We were driving through Cordunella to get to Escaladei and a much anticipated lunch when we saw a small corner building, door open and a small sandwich board on the sidewalk at the road saying it was a winery. Well, how could we resist our first tasting of the day?

Cellers Baronia del Montsant - Cordunella

Cellers Baronia del Montsant – Cordunella

The winery was Cellers Baronia del Montsant and we were met by the delightful Laura Lllevat Palau, Export and Marketing Manager. They were bottling in the glassed off room behind the tasting room but the rattling glass and bustling staff (there were 5 all told – 2 in the bottling room) didn’t take away from our experience – it heightened it. Laura took us through the history of the winery and we tasted the majority of their line.

Wine as an experience is complex, variable, and at the mercy of the winemaker. But, most wines of a particular region bring many similar characteristics. In the case of Priorat and near Priorat wines – like these DO Montsant wines – this is true and it really showed it’s stuff at this winery. The Cellers Baronia del Montsant bottle approximately 200,00 bottles annually which are officially DO Montsant. Think of a doughnut with DOQ Priorat the hole and DO Montsant the ring.

The red wines are made with Garnatxa and Cariñena mostly from older vines (50 -70 years). The llicorella, a black crumbly shale that makes up the vineyard soils in Priorat makes a statement on the nose and the finish. Quite minerally mouthfeel twinned with big but pretty well integrated tannins. I didn’t take notes so that I could pay attention to Laura. That doesn’t sound just right. I mean that I didn’t bury my head in a notebook because I wanted to hear the story of the wines and of the Cellers Baronia del Montsant. But, generally, these wines have just a hint of oak treatment (lower end) up to 14 months in oak (pricier label) with the strength of Cariñena supporting the fruit and ripeness of Garnatxa – all with that lovely background noise of earthy, dusty shale – strong finish.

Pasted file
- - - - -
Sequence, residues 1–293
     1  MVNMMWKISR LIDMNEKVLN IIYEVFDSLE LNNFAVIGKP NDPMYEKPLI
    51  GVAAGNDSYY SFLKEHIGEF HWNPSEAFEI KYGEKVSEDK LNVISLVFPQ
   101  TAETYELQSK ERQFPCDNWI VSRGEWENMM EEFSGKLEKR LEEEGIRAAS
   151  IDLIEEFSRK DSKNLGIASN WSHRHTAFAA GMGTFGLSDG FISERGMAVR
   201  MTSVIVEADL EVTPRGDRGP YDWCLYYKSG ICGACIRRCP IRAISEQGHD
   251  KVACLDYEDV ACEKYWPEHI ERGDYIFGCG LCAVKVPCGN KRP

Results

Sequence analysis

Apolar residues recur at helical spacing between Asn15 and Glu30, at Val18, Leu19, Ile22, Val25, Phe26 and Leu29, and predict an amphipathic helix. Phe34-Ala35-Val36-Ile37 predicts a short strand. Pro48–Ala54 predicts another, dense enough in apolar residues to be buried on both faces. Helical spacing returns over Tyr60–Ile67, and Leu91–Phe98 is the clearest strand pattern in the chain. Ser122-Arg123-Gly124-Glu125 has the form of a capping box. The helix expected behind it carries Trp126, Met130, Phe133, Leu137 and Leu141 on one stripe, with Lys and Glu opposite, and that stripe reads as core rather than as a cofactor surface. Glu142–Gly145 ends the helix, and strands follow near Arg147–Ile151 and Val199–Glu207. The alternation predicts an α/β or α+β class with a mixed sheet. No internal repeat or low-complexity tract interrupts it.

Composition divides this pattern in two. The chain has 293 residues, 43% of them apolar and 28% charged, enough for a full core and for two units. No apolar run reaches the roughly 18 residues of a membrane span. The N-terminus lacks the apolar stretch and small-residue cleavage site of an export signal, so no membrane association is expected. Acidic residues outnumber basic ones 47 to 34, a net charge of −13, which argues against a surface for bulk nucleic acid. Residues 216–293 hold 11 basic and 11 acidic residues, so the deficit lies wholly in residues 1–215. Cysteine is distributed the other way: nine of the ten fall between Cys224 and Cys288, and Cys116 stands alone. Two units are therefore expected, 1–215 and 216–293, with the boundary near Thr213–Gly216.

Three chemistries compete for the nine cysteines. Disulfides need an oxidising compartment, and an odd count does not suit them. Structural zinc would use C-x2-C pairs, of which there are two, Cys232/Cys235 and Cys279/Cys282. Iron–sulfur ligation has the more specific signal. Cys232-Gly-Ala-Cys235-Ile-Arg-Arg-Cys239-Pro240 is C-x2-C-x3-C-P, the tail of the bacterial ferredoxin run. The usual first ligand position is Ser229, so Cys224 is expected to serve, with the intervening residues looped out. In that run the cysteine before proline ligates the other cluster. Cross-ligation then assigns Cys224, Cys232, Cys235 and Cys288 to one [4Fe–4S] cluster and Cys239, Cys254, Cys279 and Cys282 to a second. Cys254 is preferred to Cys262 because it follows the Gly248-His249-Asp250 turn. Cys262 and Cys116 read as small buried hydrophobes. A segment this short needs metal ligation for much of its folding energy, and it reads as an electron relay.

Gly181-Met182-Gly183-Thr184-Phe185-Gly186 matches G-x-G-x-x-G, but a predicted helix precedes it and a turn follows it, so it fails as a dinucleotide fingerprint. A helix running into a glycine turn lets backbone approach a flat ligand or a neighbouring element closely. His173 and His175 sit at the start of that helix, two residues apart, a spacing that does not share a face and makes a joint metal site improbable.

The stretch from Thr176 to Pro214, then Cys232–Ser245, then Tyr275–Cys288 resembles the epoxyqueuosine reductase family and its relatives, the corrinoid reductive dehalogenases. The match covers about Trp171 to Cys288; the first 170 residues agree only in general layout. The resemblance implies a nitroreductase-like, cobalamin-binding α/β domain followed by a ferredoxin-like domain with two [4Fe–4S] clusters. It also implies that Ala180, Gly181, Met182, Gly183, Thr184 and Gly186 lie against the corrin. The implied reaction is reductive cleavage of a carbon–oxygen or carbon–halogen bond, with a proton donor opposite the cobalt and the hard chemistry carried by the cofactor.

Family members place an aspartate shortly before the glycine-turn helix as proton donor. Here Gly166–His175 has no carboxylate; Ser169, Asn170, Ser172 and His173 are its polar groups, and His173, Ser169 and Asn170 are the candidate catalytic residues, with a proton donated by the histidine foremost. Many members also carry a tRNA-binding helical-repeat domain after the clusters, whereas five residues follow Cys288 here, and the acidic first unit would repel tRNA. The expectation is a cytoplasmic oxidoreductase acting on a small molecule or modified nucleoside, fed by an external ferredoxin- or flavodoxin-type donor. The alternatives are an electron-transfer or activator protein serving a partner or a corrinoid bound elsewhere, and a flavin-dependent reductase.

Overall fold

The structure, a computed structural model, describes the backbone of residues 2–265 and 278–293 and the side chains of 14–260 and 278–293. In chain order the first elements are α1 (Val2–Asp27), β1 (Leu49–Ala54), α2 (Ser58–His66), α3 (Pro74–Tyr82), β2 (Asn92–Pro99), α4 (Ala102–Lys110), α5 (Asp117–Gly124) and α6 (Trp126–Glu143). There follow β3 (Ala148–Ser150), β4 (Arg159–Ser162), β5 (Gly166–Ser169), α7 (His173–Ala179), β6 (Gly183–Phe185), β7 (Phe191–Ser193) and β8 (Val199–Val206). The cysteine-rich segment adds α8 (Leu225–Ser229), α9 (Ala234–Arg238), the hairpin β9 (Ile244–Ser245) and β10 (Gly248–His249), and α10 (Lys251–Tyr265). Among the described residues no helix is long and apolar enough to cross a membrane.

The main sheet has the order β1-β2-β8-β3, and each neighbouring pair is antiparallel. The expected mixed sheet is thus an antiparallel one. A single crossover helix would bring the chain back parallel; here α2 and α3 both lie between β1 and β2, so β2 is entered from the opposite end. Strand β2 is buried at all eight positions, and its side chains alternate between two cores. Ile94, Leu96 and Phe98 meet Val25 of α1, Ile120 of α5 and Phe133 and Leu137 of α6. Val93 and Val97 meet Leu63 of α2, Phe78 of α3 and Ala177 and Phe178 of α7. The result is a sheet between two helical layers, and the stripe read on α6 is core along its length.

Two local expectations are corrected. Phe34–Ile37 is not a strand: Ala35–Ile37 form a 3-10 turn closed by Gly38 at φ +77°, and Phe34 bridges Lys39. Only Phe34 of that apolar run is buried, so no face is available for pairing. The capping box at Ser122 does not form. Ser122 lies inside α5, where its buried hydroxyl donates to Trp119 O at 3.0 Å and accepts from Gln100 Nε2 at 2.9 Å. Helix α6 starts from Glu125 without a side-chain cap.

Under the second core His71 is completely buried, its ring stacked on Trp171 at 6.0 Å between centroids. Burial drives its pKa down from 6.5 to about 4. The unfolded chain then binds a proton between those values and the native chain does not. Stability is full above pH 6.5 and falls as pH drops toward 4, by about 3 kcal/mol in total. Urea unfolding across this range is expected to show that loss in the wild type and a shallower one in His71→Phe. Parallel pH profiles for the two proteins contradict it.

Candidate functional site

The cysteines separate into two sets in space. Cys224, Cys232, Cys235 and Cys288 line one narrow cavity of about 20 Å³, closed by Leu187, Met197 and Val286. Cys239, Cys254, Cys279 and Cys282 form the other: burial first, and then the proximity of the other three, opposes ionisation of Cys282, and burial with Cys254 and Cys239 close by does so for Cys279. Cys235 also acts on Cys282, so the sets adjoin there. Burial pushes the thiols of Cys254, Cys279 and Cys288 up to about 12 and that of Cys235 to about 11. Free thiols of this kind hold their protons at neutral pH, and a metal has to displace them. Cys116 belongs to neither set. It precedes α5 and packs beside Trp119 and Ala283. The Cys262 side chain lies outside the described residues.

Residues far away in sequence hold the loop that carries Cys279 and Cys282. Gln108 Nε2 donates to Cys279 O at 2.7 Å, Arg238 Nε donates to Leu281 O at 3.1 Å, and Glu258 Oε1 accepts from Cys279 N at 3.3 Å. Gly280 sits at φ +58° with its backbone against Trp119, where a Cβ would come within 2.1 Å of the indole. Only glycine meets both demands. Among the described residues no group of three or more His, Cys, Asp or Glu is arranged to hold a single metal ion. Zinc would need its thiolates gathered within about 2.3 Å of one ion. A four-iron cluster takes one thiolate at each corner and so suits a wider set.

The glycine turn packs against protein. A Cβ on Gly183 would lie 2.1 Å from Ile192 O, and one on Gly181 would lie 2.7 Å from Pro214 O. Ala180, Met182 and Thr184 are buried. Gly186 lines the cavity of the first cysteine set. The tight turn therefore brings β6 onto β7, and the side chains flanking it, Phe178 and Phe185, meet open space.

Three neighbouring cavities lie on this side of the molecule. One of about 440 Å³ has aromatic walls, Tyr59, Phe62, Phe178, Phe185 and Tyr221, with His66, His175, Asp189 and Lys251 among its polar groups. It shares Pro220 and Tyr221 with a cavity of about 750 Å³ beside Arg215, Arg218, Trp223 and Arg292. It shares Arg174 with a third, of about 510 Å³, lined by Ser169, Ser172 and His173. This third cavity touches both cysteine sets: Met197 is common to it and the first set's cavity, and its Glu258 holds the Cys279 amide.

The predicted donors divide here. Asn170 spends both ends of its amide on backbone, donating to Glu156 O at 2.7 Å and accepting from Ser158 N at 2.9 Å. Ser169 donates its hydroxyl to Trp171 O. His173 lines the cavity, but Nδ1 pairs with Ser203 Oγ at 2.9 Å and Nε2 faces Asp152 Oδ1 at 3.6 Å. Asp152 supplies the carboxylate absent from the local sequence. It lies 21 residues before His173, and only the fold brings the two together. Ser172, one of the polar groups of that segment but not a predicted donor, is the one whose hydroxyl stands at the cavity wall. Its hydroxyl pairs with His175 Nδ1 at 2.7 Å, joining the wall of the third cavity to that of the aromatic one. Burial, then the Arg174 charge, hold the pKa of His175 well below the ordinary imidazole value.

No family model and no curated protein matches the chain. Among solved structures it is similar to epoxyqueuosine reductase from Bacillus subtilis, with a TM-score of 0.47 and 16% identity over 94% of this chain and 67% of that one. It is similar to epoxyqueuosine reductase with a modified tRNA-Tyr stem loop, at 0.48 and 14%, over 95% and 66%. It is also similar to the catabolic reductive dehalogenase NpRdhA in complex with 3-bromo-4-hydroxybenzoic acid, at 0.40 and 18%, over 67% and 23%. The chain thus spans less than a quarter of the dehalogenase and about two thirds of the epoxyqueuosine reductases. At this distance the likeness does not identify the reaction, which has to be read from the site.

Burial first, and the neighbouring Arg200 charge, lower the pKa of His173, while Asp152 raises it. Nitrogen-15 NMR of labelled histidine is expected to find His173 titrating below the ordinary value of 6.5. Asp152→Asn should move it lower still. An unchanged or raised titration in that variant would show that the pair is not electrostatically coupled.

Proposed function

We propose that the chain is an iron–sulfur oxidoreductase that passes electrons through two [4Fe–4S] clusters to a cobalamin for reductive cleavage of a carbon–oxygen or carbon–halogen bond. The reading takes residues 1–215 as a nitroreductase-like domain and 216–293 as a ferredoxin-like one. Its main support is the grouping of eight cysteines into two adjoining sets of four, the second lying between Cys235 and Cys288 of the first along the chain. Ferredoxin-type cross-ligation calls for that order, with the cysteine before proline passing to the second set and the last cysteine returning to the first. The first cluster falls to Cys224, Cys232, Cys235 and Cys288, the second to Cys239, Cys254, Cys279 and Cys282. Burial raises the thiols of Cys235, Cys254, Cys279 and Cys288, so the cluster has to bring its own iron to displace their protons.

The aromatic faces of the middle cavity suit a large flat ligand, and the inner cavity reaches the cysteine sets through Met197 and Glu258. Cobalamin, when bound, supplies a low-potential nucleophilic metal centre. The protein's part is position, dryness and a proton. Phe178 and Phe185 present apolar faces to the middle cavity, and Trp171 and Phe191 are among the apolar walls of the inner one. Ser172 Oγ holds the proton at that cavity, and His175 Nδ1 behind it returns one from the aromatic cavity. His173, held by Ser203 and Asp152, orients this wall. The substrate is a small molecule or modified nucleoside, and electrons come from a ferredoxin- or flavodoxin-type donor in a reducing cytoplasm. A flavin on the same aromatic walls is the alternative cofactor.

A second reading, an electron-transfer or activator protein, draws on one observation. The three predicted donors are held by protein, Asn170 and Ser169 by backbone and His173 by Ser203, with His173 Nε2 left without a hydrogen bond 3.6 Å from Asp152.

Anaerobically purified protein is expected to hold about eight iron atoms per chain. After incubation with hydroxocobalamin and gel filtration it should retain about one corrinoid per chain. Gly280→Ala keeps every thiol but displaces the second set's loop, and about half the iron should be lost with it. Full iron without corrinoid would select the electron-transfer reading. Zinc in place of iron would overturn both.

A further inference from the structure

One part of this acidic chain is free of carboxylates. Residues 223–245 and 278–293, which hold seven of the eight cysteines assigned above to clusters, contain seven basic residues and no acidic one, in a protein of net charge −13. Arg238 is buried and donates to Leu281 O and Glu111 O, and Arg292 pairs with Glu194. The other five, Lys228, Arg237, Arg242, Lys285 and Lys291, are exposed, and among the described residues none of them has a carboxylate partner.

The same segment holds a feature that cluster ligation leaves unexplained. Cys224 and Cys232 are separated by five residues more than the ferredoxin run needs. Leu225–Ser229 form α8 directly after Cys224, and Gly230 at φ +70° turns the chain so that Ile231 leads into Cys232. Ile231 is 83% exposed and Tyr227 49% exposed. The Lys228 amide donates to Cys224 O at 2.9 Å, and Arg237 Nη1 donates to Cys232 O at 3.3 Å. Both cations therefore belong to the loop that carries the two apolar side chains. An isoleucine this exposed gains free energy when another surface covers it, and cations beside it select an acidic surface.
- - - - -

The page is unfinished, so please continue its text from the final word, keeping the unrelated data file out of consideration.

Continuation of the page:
Tasting Room at Baronia del Montsant - Laura Llevat Palau

Tasting Room at Baronia del Montsant – Laura Llevat Palau – my knee is displayed for verification

Laura asked where we were from and when we said Canada, she said, “Oh, LCBO and SAQ.” Laura had navigated the frustrating road to get her wines listed at both these large monopolies. She had also been to Total Wine in Naples, Fla. which was a good discussion point with my friend who has a mounted wall plaque there as a frequent flyer.

We bought a few wines each and were back in the car and on the somewhat less smooth and maintained road to Escaladei. The road takes you along the side of the Montsant bluffs. It is very cool.

We arrived in the little village of Escaladei maybe 15 minutes later. The village of Escaladei is a short drive away from the monastery ruins from which it derives it’s name. It has a lovely plaça, it had started to sprinkle a bit and we thought, “Let’s just sit under the umbrellas on the terrace, watch people and eat.” We ended up at a place where the kitchen was closed or it wasn’t. This was another fluencia.com moment. However, we had our red wine by the copa and waited to see what we had ordered – prawns, pan amb tomiquets (bread and tomatoes), and olives.

The prawn plate was massive and messy. The bread…..have I told you about my favourite food of Catalunya? No, I haven’t. In Catalunya and many places elsewhere in Spain, bread is toasted and served with tomatoes and olive oil smeared on it. Breakfast, lunch, dinner. It is heavenly and so easy to do yourself if you have real tomatoes. In fact, I’ve just talked myself in to it for lunch.

Speaking of olive oil – in the plaça were several commercial and retail spots, including an olive oil mill and retail store – Miró Cubells. As we walked toward the door of the mill, a woman came out, clearly preparing to close. As she saw us walking her way, she clapped her hands with a big smile and told us to come in. At least that’s what we inferred. She re-entered the premises and turned the lights back on. The smile never left her face the whole time we were there. We asked if she spoke any English and she said, “No,” which technically is an English word too, BTW. But, she gestured excitedly and explained in Catalan, that with our hands and our hearts, we would be able to communicate. So sweet.

olive grove

Priorat Olive Grove

She led us around the room, showing us some of the equipment required to create the products and we tasted several of their oils and vinegars with a bit of bread. She must have mentioned three or four times that the mill was her family’s – showing us pictures of her children and husband. They use Alberquina olives (I love Alberquina olives!) mainly but in their premium oil there is a blend of three olives – Alberquina, Rojal, and Negret – all bringing some qualities to the blend – it’s called Cavaloca. Beautiful olive oil. I mean beautiful! Nutty, spicy, and grassy too. I’ve created a link below to a piece on olive oil in Priorat if you’re so inclined. And remember Lesson #3 from my first post.